TribBlog: Senators Get Social

With more and more state employees and elected officials using websites like Facebook and Twitter the onslaught of social media use within governmental bodies brings with it a lot of questions.

State Sen. Robert Duncan, R-Lubbock, has 129 followers on Twitter and has posted four Tweets under the name @senatorduncan since last year.

Until today, the chairman of the Senate Committee on State Affairs didn't even know he had a Twitter account.

With more and more state employees and elected officials using websites like Facebook and Twitter the onslaught of social media use within governmental bodies brings with it a lot of questions. The Senate Committee on State Affairs listened today to communication experts, lawyers and representatives from various organizations, who urged members to incorporate social media and electronic communication rules in Texas’ Public Information Act and Open Meetings Act, as well as create uniform social networking guidelines for government agencies and employees. 

As witnesses delivered their presentations, ranging from state employees’ Facebook status updates to school board members reading text messages during meetings, one thing was clear — the lines are fuzzy when it comes to the ever-changing social media world.

Peter Vogel, a communication lawyer and professor at Southern Methodist University’s law school, suggested that establishing social media policies for government employees and state agencies would provide uniformity and help iron out the wrinkles when employees post on blogs, Facebook or Twitter on their own time.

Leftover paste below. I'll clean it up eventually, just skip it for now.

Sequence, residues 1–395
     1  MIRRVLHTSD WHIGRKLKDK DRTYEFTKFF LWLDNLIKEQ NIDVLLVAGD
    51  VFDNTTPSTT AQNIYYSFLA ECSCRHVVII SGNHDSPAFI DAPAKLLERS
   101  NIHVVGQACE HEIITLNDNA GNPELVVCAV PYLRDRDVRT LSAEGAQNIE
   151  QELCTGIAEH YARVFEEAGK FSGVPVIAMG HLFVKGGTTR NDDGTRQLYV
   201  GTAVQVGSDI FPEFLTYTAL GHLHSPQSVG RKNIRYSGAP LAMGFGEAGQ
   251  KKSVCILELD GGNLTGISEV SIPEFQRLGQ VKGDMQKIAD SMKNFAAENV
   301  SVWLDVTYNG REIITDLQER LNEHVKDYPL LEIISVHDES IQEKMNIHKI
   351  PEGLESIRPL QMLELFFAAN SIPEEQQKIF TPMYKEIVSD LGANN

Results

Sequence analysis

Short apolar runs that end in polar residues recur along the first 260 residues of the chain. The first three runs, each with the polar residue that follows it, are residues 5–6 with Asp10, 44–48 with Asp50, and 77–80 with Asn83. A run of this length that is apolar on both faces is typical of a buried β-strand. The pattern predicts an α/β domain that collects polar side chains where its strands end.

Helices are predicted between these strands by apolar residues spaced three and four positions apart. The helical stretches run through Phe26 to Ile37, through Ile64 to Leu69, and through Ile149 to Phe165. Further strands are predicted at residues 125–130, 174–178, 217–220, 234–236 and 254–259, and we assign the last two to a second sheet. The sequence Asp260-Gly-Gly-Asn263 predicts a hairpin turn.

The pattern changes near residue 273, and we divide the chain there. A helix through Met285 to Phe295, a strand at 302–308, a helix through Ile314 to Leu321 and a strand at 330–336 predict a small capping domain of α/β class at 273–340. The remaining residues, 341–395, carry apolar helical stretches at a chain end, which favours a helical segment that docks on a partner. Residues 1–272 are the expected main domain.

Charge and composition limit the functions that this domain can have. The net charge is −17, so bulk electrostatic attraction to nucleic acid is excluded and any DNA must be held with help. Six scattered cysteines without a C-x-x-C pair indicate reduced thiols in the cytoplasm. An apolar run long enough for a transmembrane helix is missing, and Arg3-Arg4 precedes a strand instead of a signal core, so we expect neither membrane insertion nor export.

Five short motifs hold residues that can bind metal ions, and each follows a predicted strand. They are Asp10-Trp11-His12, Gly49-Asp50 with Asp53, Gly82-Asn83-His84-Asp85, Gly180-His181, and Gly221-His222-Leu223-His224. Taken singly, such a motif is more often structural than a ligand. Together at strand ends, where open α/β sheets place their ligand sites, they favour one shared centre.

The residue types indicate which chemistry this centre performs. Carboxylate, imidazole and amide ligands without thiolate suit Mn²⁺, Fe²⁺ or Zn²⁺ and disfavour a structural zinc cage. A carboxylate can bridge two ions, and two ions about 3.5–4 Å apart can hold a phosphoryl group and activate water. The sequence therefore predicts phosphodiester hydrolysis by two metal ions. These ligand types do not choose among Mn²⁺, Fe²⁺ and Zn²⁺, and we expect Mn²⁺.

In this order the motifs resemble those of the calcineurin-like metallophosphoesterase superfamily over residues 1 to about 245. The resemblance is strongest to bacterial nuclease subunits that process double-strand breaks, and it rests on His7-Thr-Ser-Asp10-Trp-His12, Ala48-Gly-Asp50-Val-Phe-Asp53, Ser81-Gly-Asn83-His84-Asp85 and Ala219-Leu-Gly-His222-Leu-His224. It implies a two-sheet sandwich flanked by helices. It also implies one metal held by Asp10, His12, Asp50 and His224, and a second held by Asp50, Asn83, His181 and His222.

“This is not black and white, and if you don’t particularly tell them, they might have no clue what to do,” he told committee members. “These [sites] could ultimately change, and I think it’s important that the state continue to monitor that change.”

Other key questions witnesses brought up included:

  • Under the current Public Information Act, any emails sent between officials — whether via government e-mail accounts or personal accounts — regarding business issues are considered public information, but what about texts and e-mails sent via a smart phone?
  • Should candidates have different Twitter and Facebook accounts for their personal business, campaigns and public platforms?
  • Does e-mailing about business issues prior to an open school board meeting inadvertently violate the Open Meetings Act?

The big question is where does Texas draw the line, and Duncan said the committee will consider ways to create an enforceable policy.

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